In the name of Allāh, the Most Gracious, the Most Merciful

Dr Naheed Anwar BA Hons., MA, PhD (Roehampton University)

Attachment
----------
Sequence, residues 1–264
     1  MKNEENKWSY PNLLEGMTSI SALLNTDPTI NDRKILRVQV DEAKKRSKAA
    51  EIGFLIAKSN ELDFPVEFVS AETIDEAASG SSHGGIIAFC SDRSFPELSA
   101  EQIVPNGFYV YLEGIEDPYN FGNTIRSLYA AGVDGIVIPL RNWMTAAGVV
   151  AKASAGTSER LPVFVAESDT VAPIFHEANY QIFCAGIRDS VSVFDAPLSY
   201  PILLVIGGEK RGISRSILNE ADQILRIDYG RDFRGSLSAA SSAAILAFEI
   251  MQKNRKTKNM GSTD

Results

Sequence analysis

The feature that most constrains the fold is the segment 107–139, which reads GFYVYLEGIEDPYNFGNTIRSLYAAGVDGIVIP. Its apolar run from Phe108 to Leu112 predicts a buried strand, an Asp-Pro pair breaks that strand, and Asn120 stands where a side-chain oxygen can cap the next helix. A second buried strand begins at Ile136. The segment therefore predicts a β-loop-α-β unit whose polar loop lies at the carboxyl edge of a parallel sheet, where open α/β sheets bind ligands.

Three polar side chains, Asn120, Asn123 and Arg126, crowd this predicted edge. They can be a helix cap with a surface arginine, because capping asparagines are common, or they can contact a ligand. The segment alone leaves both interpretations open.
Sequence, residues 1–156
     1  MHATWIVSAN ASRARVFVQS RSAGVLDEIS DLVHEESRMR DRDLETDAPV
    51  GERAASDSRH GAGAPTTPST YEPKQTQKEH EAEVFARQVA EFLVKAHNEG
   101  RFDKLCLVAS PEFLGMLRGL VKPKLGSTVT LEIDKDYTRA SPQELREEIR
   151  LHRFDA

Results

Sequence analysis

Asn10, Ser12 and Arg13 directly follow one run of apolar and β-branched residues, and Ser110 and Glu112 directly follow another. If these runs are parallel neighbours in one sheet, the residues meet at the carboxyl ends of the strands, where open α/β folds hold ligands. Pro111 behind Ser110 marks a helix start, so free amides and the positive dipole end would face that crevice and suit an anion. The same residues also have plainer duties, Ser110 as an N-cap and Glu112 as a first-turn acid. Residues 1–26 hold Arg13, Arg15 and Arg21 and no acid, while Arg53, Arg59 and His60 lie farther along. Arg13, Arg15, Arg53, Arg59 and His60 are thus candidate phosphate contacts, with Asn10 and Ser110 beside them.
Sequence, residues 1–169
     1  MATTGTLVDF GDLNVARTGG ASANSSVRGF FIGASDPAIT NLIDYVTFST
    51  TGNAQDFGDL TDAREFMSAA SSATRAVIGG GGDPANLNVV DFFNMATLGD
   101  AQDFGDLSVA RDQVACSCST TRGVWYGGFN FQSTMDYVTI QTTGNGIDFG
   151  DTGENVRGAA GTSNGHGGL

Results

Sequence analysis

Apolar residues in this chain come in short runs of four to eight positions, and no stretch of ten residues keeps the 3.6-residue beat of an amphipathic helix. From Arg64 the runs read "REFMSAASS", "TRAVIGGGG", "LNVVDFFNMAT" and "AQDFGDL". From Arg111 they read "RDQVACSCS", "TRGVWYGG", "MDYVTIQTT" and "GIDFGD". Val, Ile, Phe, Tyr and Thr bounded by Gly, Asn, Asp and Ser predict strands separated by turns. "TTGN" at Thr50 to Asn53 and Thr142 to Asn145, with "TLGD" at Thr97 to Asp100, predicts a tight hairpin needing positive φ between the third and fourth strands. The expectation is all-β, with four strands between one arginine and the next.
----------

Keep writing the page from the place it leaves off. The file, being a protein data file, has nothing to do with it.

Despite the intensification of characterising Salafi women as the ultimate Other in the West’s gendered War on Terror, Salafism continues to be one of the most successful agents of female conversion to Islam in the West. Yet the dominant framing of Salafism as a virulent religious ideology that predisposes its members towards violent extremism shows that it is also one of the most misunderstood ideologies of our time. Consequently, when viewed from the outside, the significant numbers of women who have converted to its orthodox, non-Western belief system is an enigma. Using my insider status as a Salafi woman and researcher, this study aims to fill a significant gap in understanding contemporary Salafism within Western scholarship. It achieves this by examining why a religion associated with violence and the repression and acute social control of its female members remains a popular lifestyle choice for demographically diverse women in the postcolonial and post-secular city of Birmingham, famous for being the ‘hub’ of ‘purist’ Salafi da‘wa in the West. It also demonstrates how the symbiotic relationship between creed and methodology within Salafism symbolises a vehement condemnation of terrorism of any kind. An analysis of the conversion narratives of 30 first-generation Salafi women reveals that contrary to crass stereotypes of hyper-visible Muslim women as brainwashed female cult victims destined to become jihadi brides, becoming and being a Salafi woman is a largely social act of gradual personal change––one that enables such women to turn their lives around using a religious problem-solving perspective. The rise of global Salafism and the emergence of a new hybrid Salafi identity not only signifies the changing face of religious belief and practice in contemporary Europe and globally but also reveals the significance of modern spirituality and the return to religion in a post-Enlightenment era.

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